At the Frosta-thing Hakon stood before the people in attendance and made an impassioned, vigorous plea for them to convert to Christianity.  Throughout he explained the concepts of the Virgin Mary, God, Jesus, and clearly professed his belief in them as he demanded an end to the practices of their native polytheism(16)The crowd did not receive the proposal well, saying Hakon was seeking to take their faith from them, that there was no way they could cultivate the land if they honored the Sabbath, and that the prohibitions against the eating of meat would sap their strength and ran contrary to his and his family's reputation for generosity(17).  One man, Asbjorn of Medalhus, stood up and said in reply to the king:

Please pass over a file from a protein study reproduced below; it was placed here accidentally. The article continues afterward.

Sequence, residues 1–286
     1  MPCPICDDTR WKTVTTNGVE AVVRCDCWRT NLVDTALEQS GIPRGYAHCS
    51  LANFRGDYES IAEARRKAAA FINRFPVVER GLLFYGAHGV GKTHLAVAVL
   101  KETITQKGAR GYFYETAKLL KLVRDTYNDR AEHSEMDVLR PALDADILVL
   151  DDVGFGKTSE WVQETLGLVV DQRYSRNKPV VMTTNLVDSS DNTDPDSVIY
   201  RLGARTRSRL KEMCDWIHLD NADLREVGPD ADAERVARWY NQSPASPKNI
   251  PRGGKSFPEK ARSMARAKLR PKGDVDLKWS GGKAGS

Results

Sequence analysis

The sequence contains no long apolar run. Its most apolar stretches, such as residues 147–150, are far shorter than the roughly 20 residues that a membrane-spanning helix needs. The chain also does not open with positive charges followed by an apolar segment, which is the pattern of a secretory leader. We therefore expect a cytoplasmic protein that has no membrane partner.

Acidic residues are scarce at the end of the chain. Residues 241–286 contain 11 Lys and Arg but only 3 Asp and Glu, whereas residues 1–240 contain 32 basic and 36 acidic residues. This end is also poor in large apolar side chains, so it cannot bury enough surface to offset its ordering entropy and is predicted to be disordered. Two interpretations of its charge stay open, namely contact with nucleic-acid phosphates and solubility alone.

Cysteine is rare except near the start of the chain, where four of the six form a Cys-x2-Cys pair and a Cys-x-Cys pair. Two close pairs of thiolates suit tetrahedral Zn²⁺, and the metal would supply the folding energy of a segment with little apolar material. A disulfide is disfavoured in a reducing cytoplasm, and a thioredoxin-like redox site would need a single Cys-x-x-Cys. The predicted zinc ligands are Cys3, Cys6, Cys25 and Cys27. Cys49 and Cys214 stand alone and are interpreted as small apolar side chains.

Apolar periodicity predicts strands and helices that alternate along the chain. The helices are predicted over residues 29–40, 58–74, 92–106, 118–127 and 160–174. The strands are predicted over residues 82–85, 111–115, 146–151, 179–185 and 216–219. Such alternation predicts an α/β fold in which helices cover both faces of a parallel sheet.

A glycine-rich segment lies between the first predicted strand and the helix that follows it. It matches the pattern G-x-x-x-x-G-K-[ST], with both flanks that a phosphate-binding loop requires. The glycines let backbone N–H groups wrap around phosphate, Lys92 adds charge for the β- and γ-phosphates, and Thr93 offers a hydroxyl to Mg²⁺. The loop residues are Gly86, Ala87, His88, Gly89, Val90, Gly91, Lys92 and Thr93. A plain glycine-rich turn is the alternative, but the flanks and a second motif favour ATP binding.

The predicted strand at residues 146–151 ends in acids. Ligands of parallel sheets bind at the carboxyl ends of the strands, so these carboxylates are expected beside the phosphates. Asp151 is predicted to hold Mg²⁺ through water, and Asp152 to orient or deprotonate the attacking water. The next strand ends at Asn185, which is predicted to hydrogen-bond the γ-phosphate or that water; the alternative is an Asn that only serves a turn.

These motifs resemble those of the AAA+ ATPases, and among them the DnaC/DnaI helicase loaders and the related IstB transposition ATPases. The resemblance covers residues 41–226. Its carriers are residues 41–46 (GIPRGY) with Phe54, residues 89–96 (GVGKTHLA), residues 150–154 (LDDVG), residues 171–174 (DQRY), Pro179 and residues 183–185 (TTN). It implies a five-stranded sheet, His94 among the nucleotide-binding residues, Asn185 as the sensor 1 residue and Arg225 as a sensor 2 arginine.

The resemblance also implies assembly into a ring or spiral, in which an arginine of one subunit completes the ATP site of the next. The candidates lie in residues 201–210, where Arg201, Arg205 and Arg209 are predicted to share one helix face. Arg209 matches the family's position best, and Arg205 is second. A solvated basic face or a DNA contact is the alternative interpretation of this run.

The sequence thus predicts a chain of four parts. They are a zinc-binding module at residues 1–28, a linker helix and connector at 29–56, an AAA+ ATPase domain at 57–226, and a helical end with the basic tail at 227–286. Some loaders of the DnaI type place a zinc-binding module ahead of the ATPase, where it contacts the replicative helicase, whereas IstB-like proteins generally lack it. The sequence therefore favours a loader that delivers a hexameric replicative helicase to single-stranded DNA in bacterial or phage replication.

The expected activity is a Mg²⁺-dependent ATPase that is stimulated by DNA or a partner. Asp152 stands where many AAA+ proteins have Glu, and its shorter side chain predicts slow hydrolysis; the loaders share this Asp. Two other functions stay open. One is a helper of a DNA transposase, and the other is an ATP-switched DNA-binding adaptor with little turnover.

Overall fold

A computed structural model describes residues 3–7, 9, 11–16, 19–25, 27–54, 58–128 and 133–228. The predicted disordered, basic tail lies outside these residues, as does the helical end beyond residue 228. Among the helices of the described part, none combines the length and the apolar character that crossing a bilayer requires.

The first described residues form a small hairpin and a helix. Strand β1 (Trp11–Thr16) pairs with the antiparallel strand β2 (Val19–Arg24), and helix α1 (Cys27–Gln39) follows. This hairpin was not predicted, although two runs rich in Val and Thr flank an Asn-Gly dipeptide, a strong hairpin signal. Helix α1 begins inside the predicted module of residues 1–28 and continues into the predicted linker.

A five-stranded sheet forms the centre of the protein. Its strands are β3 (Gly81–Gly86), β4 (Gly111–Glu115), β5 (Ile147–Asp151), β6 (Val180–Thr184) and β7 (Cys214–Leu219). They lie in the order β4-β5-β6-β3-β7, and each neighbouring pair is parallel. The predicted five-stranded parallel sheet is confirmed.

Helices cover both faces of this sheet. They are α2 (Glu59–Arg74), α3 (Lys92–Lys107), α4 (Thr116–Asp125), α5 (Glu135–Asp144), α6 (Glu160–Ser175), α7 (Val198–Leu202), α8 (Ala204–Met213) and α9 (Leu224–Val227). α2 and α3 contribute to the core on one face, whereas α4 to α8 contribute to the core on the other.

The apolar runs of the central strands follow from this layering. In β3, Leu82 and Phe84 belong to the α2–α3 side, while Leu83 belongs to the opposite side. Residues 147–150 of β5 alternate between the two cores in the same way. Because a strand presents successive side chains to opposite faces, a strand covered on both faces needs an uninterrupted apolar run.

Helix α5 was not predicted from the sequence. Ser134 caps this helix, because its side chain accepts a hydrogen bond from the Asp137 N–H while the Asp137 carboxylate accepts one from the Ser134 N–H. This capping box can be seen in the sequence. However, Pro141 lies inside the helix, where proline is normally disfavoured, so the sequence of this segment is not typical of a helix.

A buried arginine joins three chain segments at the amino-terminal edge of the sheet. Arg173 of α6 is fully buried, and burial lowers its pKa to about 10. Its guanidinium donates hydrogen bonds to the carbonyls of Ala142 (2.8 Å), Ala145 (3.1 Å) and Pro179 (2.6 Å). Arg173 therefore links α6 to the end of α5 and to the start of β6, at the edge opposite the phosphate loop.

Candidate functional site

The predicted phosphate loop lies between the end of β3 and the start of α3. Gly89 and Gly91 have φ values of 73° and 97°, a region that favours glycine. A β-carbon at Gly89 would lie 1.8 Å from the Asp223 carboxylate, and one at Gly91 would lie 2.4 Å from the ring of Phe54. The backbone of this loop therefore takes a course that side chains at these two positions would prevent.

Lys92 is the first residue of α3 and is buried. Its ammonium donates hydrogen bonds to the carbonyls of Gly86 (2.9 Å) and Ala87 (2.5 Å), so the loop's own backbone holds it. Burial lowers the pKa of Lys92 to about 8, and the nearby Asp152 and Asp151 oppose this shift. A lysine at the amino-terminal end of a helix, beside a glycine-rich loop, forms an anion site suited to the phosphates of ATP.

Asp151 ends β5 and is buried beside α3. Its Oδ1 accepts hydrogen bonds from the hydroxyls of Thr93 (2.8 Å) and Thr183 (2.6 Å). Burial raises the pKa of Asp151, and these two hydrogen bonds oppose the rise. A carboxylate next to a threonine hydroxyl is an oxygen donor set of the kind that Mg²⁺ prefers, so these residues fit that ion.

"We bondes, King Hakon, when we elected thee to be our king, and got back our udal rights at the Thing held in Throndhjem, thought we had got into heaven; but now we don't know whether we have really got back our freedom, or whether thou wishest to make vassals of us again by this extraordinary proposal that we should abandon the ancient faith which our fathers and forefathers have held from the oldest times, in the times when the dead were burnt, as well as since that they are laid under mounds, and which, although they were braver than the people of our days, has served us as a faith to the present time.  We have also held thee so dear, that we have allowed thee to rule and give law and right to all the country.  And even now we bondes will unanimously hold by the law which thou givest us here in the Frosta-thing, and to which we have given our assent; and we will follow thee, and have thee for our king, as long as there is a living man among us bondes here in this Thing assembled.  But thou, king, must use some moderation towards us, and only require from us such things as we can obey thee in, and are not impossible for us.  If, however, thou wilt take up this matter with a high hand, and wilt try thy power and strength against us, we bondes have resolved among ourselves to part with thee, and to take to ourselves some other chief, who will so conduct himself towards us that we can freely and safely enjoy that faith that suits our own inclinations.  Now, king, thou must choose one or other of these conditions before the Thing has ended."